Item description for Marching On: A General's Tales of War and Diplomacy by Gordon Sumner Jr....
This book provides vignettes of the author's experiences that will be of great interest to anyone interested in America's involvement in world affairs beginning with World War II to the present. As seen through the eyes of a participant, General Sumner tells his "war stories" in a most politically incorrect style. While this is not an autobiography in the conventional sense, the book does trace a rather unusual military career through three wars and an ambassadorship, with excursions into other exciting events of the period. General Sumner's career spans not only three wars as a participant, but also nearly a decade of diplomatic and political-military service.
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Est. Packaging Dimensions: Length: 8.8" Width: 5.9" Height: 0.6" Weight: 0.45 lbs.
Publisher Red Anvil Press
ISBN 1932762205 ISBN13 9781932762204
Availability 126 units. Availability accurate as of Oct 21, 2016 10:05.
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Reviews - What do customers think about Marching On: A General's Tales of War and Diplomacy?
Speaking Out on War and Diplomacy Mar 21, 2005
In his book "Marching On: A General's Tales of War and Diplomacy" (Red Anvil Press, www.elderberrypress.com), Lieutenant General Gordon Sumner, Jr. (US Army, retired) writes an illuminating memoir of his experiences on the battlefield and as a special envoy for President Ronald Reagan. It provides personal insights of a rising officer on the evolution of the US Army from World War II through the Cold War--including his roles in the Korean, Vietnam, and Yom Kippur wars, as well as in the armed conflicts in Central America.
General Sumner's book also sheds light on the political minefields military officers sometimes encounter upon entering the culture of diplomacy.
Gen. Sumner writes that when he was a three-star general heading for perhaps four or even five stars, he asked to be retired from active duty (which was granted) during the administration of President Jimmy Carter, in great part because of Gen. Sumner's disagreement in principle with President Carter over the way the Panama Canal treaties were written.
According to Gen. Sumner, on page 89 of "Marching On," the US military's then-Chairman of the Joint Chiefs Gen. George Brown informed him in the presence of another high-ranking officer that "if I would testify [before Congress] in favor of the treaties, I would be promoted to four-star rank and posted to NATO....I informed General Brown that I was opposed to the treaties as written and would so testify. He could take the promotion and `shove it,' in more elegant language."
This stand was a reason that led Gen. Sumner out the door during the Carter administration, but it evidently helped open the door for him to be named ambassador-at-large for Latin America by President Reagan. While some of Gen. Sumner's bureaucratic rivals may have shaken their heads at Gen. Sumner's rise, other people could find refreshing what they may see as Gen. Sumner's outspoken, unafraid willingness to rock the boat when apparently necessary.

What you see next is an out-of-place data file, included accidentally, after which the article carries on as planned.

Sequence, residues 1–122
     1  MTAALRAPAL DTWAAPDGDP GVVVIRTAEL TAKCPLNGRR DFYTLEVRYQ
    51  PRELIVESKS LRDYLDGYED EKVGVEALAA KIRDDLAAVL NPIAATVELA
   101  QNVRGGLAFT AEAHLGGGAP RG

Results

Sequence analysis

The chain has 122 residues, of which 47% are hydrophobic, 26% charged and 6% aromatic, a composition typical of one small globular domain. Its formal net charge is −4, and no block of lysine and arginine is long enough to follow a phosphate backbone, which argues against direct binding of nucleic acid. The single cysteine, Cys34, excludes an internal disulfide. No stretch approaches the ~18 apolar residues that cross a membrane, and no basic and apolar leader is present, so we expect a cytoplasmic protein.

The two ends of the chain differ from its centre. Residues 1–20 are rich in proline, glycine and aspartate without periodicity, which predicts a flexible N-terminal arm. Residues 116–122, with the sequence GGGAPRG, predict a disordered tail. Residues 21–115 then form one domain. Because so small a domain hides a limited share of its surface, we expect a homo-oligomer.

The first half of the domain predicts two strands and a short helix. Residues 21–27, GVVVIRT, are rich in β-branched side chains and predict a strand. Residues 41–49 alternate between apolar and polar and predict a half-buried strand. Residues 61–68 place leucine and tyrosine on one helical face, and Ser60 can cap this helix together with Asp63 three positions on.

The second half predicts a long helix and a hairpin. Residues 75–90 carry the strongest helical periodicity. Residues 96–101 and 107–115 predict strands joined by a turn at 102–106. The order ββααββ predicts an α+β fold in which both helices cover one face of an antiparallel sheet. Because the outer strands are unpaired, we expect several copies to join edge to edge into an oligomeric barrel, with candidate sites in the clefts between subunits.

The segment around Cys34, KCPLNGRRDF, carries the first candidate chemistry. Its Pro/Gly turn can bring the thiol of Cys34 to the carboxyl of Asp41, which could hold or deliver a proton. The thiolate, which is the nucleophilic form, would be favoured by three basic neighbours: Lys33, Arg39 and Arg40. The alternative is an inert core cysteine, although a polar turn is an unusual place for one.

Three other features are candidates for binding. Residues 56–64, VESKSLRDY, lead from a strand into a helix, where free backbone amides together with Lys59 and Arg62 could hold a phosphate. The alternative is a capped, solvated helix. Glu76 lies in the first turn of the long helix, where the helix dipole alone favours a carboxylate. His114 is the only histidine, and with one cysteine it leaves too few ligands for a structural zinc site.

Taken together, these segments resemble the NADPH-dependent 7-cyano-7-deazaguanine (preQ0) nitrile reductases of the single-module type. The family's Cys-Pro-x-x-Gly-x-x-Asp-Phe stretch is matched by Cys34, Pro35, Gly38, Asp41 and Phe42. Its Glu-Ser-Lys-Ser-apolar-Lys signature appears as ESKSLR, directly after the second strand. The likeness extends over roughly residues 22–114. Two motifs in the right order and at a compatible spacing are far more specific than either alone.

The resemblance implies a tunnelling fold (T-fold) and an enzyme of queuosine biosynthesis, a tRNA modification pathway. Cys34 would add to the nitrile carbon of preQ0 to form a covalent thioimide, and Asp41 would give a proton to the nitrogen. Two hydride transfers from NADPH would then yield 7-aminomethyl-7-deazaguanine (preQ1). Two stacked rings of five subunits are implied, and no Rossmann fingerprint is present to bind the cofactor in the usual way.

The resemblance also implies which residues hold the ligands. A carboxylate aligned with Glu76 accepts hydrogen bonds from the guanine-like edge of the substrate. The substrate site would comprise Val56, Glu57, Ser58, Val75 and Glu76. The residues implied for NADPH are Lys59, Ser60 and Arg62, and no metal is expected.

Whether refusing to testify in favor of something he doesn't believe in--even though such politically-related testimony before Congress could get him promoted--or escaping from Chinese soldiers who briefly captured him as a young man wounded in savage combat during the Korean War, Gen. Sumner shows in his book "Marching On" that he is not going to take any guff.
While General Sumner rose to three stars during a long career of very distinguished service in the US Army, he can be awarded five stars for speaking his mind.
An American Hero Dec 3, 2004
"Marching On" by Gordon Sumner is more than just a book of war recollections. It is the ultimate American story of a man from humble beginnings who through strength of character and determination climbs to the very top of American politics and diplomacy. Sumner speaks with refreshing frankness of the people he met in his long and interesting career. His stories are entertainingly informative and in some cases shocking. He takes you "behind the curtain" to view events that still affect our world today. It's a great read!
Well worth buying Nov 15, 2004
As a veteran, I enjoyed reading about General Sumner's experiences during his military and diplomatic careers. However, you do not need a military background to enjoy the amusing chapters as well as the more solemn ones. The book presents vignettes of never before recounted historical events that occurred during three wars and the peace. I particularly liked the chapter describing General Sumner's disgust with Jimmie Carter's Reception.
The book is an easy read with pictures to supplement the stories. It well worth buying!
Marching On Oct 8, 2004
History buffs and casual readers alike will enjoy this accounting of General Sumner's experiences during his remarkable career. Humorous incidents recounted bring the realities of military life to light, while the General's participation in events of great importance to the country and the world are explained in a fashion seldom heard or seen in the current historical context. One will better understand the workings of the military and the decision-making process so crucial to the country's survival after reading this book.
A soldier's view of history and politics Sep 30, 2004
From Korea, when he is encircled and captured by the Chicoms to the halls of the Pentagon, from the Panama invasion to Israeli spying, to Carter's cold reception at the White House, Sumner tells it like it is. This slim volume is a sucker punch to the gut of conventional wisdom. Read it if you dare.